Late-life changes in sleep are thought to contribute to cognitive dysfunction and progression of Alzheimer’s Disease. Sleep disruption impairs multiple aspects of cognition. This connection may occur through slow-wave sleep which characterizes the deepest, most restorative stage of sleep. Slow-wave sleep is commonly associated with memory in both young and older adults. Intriguingly, during slow-wave sleep, beta amyloid, a precursor for Alzheimer's disease, is cleared from the fluid surrounding the brain, suggesting a direct link between slow-wave sleep and prevention of neurodegeneration. Accordingly, treatments that enhance slow-wave sleep in older adults are thought to be promising for preventing and delaying neurodegeneration. Slow-wave sleep can be enhanced through wake activities in a use-dependent pattern. For instance, brain stimulation during wakefulness can lead to a robust increase in slow-waves during subsequent sleep. Brain stimulation outside the sleep field has been shown to benefit memory in patients with depression and mild cognitive impairment (MCI). Slow-wave sleep regulates brain plasticity and reorganizes neural connections to enhance relevant memories and the function of brain networks involved in memory. Thus, slow-wave sleep may drive memory enhancement through brain stimulation. This pilot study will compare increases in slow-wave sleep and memory performance before and after brain stimulation over the dorsolateral prefrontal cortex in older adults with MCI. It will assess whether brain stimulation increases slow-wave sleep and memory in MCI, and explore whether slow-wave sleep increases are associated with memory improvements.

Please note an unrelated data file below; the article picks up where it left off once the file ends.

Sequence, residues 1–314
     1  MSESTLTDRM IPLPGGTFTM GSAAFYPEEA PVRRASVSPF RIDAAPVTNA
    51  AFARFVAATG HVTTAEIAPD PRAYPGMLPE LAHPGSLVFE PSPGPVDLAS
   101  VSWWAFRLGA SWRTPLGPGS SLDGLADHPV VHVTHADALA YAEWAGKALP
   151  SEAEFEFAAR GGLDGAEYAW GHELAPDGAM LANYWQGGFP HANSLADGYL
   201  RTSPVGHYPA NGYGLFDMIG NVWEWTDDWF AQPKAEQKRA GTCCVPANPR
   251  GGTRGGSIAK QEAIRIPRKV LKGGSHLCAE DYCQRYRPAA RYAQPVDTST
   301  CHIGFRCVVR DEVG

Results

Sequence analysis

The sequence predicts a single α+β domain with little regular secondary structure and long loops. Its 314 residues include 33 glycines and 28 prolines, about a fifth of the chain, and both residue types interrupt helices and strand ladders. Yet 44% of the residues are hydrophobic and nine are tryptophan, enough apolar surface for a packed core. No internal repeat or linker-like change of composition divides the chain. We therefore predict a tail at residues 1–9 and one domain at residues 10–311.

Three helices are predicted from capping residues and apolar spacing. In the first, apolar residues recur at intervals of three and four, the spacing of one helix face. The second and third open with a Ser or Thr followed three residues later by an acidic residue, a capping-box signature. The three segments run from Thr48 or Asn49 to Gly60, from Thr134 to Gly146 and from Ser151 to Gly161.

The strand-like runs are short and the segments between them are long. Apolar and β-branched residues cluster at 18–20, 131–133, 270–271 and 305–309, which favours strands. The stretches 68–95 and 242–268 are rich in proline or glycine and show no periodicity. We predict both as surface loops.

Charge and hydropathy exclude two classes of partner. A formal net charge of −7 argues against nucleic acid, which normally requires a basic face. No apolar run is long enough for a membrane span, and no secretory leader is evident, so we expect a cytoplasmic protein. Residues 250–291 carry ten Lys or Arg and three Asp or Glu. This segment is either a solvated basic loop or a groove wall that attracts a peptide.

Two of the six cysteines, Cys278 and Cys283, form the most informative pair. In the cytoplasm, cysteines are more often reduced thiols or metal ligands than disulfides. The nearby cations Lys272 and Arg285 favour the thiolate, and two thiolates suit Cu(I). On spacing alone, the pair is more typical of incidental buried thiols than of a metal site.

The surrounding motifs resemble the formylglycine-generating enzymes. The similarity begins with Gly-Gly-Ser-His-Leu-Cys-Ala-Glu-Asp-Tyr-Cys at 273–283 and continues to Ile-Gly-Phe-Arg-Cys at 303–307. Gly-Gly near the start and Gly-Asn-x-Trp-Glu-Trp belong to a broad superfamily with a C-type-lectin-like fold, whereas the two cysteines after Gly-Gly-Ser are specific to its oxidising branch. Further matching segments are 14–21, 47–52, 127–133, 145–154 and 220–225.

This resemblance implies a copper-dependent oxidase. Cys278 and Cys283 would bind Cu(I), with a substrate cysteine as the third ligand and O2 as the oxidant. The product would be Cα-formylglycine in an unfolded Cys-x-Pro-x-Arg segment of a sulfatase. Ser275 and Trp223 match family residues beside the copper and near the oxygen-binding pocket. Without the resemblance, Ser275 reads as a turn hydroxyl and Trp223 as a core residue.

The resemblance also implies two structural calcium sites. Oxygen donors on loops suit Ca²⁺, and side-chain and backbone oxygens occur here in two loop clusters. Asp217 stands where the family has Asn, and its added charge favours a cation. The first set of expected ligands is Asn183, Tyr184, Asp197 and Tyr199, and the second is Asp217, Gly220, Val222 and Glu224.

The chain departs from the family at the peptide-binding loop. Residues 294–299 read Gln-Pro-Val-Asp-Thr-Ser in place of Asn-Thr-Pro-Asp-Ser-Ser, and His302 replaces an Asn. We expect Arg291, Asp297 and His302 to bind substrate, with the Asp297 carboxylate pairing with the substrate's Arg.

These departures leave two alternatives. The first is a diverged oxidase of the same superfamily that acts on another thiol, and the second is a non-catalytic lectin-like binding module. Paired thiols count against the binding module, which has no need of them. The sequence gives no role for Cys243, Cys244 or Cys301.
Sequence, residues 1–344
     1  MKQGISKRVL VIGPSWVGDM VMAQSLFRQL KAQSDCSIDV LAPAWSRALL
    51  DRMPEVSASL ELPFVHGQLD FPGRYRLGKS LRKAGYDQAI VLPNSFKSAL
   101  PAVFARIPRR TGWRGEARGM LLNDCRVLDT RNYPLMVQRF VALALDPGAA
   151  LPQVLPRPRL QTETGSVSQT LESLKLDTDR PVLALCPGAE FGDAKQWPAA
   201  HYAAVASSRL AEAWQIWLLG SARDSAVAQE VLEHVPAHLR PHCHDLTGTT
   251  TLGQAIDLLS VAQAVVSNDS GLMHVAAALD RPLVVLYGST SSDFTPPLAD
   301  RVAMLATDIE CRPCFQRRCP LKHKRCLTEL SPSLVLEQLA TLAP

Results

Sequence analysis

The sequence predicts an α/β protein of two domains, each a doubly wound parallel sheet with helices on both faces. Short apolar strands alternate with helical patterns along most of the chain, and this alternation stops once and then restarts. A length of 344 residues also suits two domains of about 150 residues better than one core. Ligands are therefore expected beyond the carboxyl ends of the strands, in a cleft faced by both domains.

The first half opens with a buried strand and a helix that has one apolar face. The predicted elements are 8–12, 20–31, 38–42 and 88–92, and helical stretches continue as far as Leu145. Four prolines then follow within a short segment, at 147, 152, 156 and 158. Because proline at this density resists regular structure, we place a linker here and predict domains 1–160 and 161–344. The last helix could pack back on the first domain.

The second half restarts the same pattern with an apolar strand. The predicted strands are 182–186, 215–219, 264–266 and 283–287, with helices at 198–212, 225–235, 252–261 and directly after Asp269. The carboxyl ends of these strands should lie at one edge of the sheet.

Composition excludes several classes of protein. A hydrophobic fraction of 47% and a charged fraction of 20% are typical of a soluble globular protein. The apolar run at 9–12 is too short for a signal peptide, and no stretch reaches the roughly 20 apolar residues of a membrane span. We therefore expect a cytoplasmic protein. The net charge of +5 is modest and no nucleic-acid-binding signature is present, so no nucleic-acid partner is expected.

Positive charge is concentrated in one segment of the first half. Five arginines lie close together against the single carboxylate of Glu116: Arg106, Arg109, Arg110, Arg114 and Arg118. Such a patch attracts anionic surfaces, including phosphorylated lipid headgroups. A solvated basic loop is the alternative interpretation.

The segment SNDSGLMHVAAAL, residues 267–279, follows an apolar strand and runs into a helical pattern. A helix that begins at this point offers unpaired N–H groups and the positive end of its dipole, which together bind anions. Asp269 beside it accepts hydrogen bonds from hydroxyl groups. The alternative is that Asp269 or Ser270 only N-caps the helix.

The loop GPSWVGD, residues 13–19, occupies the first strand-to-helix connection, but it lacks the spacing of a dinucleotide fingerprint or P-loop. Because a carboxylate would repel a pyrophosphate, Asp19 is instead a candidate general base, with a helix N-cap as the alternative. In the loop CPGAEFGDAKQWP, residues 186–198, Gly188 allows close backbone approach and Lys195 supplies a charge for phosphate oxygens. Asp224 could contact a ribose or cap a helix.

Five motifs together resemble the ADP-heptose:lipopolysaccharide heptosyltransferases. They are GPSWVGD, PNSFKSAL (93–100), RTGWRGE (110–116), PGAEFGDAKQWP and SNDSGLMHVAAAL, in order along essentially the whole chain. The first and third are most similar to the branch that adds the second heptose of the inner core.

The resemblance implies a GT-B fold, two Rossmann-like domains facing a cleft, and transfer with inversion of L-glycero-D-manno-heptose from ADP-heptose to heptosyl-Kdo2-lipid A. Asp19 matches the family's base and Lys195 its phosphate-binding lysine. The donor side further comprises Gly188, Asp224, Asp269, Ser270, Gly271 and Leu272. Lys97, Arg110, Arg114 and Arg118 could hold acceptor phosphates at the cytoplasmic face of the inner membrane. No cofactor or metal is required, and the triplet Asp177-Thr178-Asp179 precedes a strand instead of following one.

University of Pittsburgh